It's hard to believe, but there are still many people in the United States who live below the poverty line, and this number spikes for those who don't have a college education. There are certainly other factors in addition to education that contribute to poverty, but it's clear that the path out of poverty almost always runs through college.
Those who have never experienced the cold touch of poverty tend to underestimate the power of a degree. They have lived in relative comfort their entire lives, unaware that the comfort is in large measure due to the education of those who cared for them.
Stat #5: The Monetary Value Of A High School Diploma Is Falling
This is another hard and fast stat that's tough to argue with. Between 1965 and 2013, the average value of a high school diploma fell from $31,284 to $28,000. Frankly, this is pretty startling. This means that the average high school graduate made more during the presidency of JFK than Obama.
Arne Kalleberg, the author of "Good Jobs, Bad Jobs" told NPR:
The blue collar jobs of yesteryear, which built the American middle class—those jobs have simply disappeared. The kinds of jobs that are being created are relatively low-wage, low-skill jobs, such as fast food and big-box stores. And so for most of Americans, we've seen a stagnation in wages and a decline in purchasing powers.
If you neglect college, you are guaranteeing that you will make less income.
In fact, you're guaranteeing that you'll make less than your dad made back in 1961. Unfortunately, prices have gone up since then, which means you can't go down to the corner store and buy an ice cream for a quarter (or whatever ice cream cost back in those days).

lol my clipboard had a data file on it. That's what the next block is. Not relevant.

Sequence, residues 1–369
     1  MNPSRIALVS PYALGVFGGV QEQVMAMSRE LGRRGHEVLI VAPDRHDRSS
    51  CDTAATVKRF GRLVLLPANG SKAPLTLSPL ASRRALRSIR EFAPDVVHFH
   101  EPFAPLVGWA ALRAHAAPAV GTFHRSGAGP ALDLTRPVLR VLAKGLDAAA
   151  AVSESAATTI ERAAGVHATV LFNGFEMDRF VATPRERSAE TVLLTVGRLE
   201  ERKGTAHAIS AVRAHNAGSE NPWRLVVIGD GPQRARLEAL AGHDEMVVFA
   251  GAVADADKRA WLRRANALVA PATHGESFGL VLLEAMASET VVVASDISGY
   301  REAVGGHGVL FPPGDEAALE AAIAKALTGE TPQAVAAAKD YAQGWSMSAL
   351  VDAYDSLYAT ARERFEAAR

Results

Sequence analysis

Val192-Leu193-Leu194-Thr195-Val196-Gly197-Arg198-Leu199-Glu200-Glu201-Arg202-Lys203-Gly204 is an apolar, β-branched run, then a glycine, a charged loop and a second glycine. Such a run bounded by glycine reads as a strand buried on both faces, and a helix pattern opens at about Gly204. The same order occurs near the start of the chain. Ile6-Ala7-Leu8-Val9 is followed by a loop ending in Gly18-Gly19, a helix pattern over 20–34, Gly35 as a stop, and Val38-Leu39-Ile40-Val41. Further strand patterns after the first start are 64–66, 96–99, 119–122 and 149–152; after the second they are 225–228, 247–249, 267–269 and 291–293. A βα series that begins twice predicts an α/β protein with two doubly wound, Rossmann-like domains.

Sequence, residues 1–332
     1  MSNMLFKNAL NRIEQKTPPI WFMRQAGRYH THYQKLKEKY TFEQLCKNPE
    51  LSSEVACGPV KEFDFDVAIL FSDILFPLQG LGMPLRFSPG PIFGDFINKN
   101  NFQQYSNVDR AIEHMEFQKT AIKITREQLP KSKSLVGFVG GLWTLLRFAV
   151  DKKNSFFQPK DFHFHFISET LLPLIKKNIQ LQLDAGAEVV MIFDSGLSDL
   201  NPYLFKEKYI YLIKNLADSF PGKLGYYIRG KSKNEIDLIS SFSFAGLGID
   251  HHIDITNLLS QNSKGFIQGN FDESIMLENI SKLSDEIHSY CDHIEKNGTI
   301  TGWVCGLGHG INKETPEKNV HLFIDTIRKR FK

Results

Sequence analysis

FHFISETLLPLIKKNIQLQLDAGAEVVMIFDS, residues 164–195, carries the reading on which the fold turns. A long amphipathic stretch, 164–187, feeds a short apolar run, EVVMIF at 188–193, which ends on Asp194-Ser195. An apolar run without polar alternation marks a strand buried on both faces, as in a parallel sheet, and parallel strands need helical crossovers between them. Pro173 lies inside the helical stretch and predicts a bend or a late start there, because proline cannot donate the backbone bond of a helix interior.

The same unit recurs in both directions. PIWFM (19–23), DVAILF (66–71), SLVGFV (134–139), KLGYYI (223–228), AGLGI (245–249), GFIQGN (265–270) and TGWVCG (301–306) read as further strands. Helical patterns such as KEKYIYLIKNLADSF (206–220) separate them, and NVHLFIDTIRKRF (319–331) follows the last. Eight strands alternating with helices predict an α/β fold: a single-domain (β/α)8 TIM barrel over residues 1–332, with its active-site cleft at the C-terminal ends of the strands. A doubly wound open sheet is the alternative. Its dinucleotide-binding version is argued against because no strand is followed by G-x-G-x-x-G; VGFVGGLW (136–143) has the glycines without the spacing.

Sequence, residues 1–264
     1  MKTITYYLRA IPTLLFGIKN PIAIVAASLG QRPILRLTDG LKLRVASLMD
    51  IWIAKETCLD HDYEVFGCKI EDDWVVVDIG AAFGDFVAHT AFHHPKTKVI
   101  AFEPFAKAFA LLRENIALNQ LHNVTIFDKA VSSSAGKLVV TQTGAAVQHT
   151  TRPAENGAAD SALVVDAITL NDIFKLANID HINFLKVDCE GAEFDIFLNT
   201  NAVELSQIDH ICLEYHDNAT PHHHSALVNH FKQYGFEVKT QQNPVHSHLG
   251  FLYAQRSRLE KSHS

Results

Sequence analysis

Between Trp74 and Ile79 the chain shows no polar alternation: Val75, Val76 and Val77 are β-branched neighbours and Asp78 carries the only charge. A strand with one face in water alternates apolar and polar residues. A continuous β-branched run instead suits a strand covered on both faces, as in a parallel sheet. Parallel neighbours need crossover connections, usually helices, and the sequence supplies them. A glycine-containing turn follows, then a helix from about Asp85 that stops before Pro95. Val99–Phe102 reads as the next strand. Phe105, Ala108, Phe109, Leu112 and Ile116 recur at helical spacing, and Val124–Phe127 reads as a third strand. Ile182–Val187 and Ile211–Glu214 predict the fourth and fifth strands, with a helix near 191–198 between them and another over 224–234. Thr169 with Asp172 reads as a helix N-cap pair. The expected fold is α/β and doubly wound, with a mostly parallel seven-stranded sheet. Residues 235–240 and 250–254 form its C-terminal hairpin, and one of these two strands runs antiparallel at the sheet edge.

In essence, high school graduates are living on an Andy Griffith salary in a Kardashian world, which is terrifying in more ways than one.
Stat #6: The Unemployment Rate For Millennials Without A College Degree Is Three Times As High Than Those With A Degree (12.2% vs. 3.8%)
Not going to college is a great way to ensure you are unemployed at some point. Since 1965, the threat of unemployment has increasingly haunted those who have chosen not to attend college, topping 12% in 2013.
One obvious reason is the increase of those with degrees. When the economy dips, as it did during the Great Recession, the first to go and the last to be rehired will be those without degrees. The stats bear this out. The average unemployed college graduate spends approximately 27 weeks looking for a job, compared to 31 weeks for those who choose high school only.
Think of a university education as a parachute of sorts. It won't totally spare from falling when things get bad, but it will slow down your fall dramatically.
Making The Most Of Your Education
The Pew Research also highlighted some significant ways that students can make the most of their college education.
Study Science Or Engineering
To be clear, all college graduates experience the benefits listed above. However, degrees in science or engineering are much more likely to translate into a related job. Apparently those who major in Native American Pottery Studies don't find it as easy to land a job. Also, those who study science and engineering have less regrets about their choice of major.
Get Work Experience In School
Those who wholeheartedly embrace the "college experience" may have more fun in college, but they're more likely to have regrets afterward. On the other hand, those who get some real work experience during school find themselves better prepared for life after the university. Moral of the story: it's more valuable to get an internship than build a float for the homecoming parade. This also points to the value of getting an online education, which allows students to be more flexible and work while in school.
Leading the way in the "Things Students Should Know" category is studying hard in school. 38% of the graduates wish they would have studied harder in school which, frankly is something they should have known in the first place. But it's a good reminder nonetheless.
It turns out that, despite the insistence of some, college is still incredibly valuable. The statistics prove that opting out of a university degree will dramatically hurt people in the long run, damaging their earning potential, increasing the likelihood of unemployment, and decreasing job satisfaction.
George Washington Carver said, "Education is the key to unlock the golden door of freedom." He may not have had access to the statistics, but it turns out he was right.
Evidence for Effectiveness
Want some more statistics? 95% of PGS alumni believe their education prepared them for the demands of their vocational life. PGS programs are effective, and we've got the stats to prove it.